The business climate in Myanmar has improved, the World Bank has said in a report. The southeast Asian nation, which witnessed a transition to full democracy earlier this year, made improvements in the ease of doing business index owing mainly to reform in the regulatory environment, the Bank said.
Reforms in Myanmar, whose economic growth was stymied under a prolonged rule by the military junta, reduced regulatory complexity and helped improve country's credit information system, making it easier for domestic businesses, the "Doing Business 2017" rerecord said.
Myanmar was given an overall ranking of 170 out of 190 economies assessed for ease of doing business. Aspects like starting businesses, dealing with permits, getting utility connections, registration of property, availability of credit and the tax regime were assessed for the report.
The report, however, says trading across borders still remained difficult, weighed down by higher costs and time delays due to congested ports.
"The thing about rankings is that other countries are improving at the same time [as Myanmar], so in a way it's a race," senior World Bank official Charles Schneider said, according to the Radio Free Asia.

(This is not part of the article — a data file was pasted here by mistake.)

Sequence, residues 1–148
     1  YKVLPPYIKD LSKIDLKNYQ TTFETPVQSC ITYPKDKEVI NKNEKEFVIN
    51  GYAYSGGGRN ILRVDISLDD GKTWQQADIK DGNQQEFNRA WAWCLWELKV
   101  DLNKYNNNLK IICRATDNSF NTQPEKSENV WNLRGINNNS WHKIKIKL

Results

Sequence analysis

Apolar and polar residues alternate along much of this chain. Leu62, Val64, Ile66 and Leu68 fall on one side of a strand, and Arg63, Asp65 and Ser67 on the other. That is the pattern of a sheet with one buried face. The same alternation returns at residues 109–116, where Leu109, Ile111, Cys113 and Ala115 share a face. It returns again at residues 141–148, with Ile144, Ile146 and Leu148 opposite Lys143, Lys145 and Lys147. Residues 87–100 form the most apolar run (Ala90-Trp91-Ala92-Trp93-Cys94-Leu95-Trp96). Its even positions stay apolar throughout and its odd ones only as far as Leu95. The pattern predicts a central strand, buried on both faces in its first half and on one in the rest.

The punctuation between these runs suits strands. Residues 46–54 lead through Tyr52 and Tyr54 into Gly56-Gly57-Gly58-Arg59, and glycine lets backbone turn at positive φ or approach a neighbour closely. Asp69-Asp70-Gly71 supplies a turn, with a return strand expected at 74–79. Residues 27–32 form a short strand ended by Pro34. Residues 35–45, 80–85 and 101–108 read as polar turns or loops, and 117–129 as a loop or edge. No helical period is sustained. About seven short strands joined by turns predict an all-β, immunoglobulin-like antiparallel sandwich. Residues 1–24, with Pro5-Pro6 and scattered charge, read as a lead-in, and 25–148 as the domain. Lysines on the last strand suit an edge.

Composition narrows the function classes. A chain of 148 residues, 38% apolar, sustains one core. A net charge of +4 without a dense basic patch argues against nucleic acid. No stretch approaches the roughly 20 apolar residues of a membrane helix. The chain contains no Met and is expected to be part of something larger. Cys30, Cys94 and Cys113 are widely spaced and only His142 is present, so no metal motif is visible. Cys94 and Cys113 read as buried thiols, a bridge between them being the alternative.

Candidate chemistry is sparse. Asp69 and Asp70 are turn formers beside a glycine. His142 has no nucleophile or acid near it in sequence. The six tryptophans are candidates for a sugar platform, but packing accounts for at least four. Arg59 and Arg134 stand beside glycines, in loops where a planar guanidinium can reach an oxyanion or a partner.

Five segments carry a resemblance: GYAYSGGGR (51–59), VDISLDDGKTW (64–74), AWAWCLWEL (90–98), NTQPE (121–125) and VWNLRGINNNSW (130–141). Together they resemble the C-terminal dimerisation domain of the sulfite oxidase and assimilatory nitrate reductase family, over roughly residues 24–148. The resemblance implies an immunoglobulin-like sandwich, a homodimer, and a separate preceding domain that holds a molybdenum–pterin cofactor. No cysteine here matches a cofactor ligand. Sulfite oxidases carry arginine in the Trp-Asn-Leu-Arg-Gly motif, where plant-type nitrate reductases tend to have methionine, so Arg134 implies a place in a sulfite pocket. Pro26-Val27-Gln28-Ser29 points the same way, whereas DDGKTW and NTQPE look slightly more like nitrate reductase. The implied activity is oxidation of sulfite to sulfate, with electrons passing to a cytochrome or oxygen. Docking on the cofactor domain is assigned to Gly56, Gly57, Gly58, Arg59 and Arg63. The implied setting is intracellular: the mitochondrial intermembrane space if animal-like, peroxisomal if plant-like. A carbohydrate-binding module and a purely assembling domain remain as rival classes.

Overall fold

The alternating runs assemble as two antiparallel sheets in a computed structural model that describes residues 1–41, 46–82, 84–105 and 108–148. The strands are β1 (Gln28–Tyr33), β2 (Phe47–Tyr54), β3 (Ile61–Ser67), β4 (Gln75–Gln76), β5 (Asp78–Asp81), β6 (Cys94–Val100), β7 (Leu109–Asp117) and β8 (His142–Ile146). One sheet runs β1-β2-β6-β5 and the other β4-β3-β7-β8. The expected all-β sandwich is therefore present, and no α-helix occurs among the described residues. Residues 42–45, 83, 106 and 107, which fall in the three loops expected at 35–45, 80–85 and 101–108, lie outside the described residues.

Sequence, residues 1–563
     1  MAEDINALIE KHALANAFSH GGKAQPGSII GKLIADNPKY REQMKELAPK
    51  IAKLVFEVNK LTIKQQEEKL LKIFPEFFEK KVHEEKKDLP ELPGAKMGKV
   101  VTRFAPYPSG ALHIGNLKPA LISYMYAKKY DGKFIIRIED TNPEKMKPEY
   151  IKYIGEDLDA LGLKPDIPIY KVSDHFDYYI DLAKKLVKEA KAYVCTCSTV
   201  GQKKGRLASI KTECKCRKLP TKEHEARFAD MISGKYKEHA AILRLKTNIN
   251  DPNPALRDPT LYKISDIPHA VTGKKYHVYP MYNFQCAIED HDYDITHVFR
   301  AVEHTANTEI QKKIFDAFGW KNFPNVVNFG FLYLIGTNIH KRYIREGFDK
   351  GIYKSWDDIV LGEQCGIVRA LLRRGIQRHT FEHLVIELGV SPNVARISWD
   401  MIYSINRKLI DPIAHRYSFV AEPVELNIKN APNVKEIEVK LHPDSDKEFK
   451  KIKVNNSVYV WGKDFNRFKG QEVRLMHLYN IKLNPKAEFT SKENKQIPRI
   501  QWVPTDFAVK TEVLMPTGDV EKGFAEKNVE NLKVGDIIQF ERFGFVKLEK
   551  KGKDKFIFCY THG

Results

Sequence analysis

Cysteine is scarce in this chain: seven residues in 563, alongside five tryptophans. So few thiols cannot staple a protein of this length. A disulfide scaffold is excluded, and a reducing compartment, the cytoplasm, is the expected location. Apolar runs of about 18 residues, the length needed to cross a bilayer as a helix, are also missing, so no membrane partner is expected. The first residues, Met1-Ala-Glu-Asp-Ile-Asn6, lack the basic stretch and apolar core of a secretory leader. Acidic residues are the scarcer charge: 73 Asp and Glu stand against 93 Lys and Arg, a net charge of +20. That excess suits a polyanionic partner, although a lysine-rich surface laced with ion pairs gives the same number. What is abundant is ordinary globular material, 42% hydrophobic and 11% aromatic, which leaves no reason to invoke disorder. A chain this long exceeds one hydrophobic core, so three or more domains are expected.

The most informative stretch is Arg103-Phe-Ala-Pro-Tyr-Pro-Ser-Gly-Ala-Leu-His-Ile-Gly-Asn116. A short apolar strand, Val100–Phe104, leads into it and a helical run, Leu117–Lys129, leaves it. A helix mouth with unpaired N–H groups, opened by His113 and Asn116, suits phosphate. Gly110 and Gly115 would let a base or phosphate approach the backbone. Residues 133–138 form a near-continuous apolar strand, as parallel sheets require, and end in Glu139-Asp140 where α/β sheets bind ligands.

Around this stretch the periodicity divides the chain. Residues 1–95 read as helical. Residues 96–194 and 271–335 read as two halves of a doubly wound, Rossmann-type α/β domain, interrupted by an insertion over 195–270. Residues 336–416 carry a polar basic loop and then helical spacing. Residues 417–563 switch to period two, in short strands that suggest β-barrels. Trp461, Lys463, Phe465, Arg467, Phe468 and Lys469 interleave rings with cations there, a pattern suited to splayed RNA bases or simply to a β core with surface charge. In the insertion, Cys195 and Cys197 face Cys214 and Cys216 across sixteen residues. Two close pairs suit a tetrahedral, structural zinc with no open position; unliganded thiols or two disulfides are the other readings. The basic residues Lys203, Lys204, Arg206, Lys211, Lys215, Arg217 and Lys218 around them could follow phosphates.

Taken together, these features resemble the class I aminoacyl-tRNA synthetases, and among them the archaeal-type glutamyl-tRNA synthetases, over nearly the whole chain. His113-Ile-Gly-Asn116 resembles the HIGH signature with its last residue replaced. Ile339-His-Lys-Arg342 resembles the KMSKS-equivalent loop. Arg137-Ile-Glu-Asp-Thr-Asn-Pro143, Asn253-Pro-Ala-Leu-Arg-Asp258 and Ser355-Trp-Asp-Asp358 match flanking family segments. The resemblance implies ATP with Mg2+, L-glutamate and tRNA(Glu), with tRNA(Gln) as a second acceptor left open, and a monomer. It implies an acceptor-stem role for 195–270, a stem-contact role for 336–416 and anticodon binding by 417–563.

"Myanmar made improvements; other countries also made improvements ... So even with the reforms that were recorded this year, Myanmar did go up one rank because other countries also are improving," he said in the capital Naypyidaw.
"I think an important part of the equation is to think about how much you can reform compared to others," he added.
Earlier this week, State Counsellor Aung San Suu Kyi said Myanmar's economic growth in the last six months after the new government took power was sluggish.
"We openly admit that the economy has not developed as rapidly as we'd expected... The government wants to see economic growth," the democracy campaigner who marshaled her country's return to elected rule, said.
Suu Kyi also asked business leaders to take advantage of the easing of the United Nations sanctions, Myanmar Times reported.